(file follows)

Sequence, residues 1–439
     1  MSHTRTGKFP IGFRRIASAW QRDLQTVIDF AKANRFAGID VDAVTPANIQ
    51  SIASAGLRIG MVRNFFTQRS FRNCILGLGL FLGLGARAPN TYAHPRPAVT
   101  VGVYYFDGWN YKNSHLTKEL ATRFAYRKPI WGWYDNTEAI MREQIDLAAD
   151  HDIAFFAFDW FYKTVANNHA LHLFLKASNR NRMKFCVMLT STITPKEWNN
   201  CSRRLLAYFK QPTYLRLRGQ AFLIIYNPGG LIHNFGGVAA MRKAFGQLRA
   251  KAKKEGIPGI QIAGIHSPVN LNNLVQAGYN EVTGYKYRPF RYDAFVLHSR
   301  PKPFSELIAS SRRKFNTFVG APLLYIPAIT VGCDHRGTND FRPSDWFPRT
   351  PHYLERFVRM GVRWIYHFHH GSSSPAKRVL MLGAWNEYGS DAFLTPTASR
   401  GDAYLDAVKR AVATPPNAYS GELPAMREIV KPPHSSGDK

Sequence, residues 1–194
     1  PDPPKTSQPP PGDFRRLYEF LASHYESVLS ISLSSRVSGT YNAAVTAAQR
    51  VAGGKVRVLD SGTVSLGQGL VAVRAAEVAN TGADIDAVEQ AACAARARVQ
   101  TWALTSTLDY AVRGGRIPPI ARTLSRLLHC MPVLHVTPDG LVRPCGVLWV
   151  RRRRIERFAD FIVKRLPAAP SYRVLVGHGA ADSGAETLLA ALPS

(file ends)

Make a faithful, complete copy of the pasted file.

Sequence, residues 1–439
     1  MSHTRTGKFP IGFRRIASAW QRDLQTVIDF AKANRFAGID VDAVTPANIQ
    51  SIASAGLRIG MVRNFFTQRS FRNCILGLGL FLGLGARAPN TYAHPRPAVT
   101  VGVYYFDGWN YKNSHLTKEL ATRFAYRKPI WGWYDNTEAI MREQIDLAAD
   151  HDIAFFAFDW FYKTVANNHA LHLFLKASNR NRMKFCVMLT STITPKEWNN
   201  CSRRLLAYFK QPTYLRLRGQ AFLIIYNPGG LIHNFGGVAA MRKAFGQLRA
   251  KAKKEGIPGI QIAGIHSPVN LNNLVQAGYN EVTGYKYRPF RYDAFVLHSR
   301  PKPFSELIAS SRRKFNTFVG APLLYIPAIT VGCDHRGTND FRPSDWFPRT
   351  PHYLERFVRM GVRWIYHFHH GSSSPAKRVL MLGAWNEYGS DAFLTPTASR
   401  GDAYLDAVKR AVATPPNAYS GELPAMREIV KPPHSSGDK

Sequence, residues 1–194
     1  PDPPKTSQPP PGDFRRLYEF LASHYESVLS ISLSSRVSGT YNAAVTAAQR
    51  VAGGKVRVLD SGTVSLGQGL VAVRAAEVAN TGADIDAVEQ AACAARARVQ
   101  TWALTSTLDY AVRGGRIPPI ARTLSRLLHC MPVLHVTPDG LVRPCGVLWV
   151  RRRRIERFAD FIVKRLPAAP SYRVLVGHGA ADSGAETLLA ALPS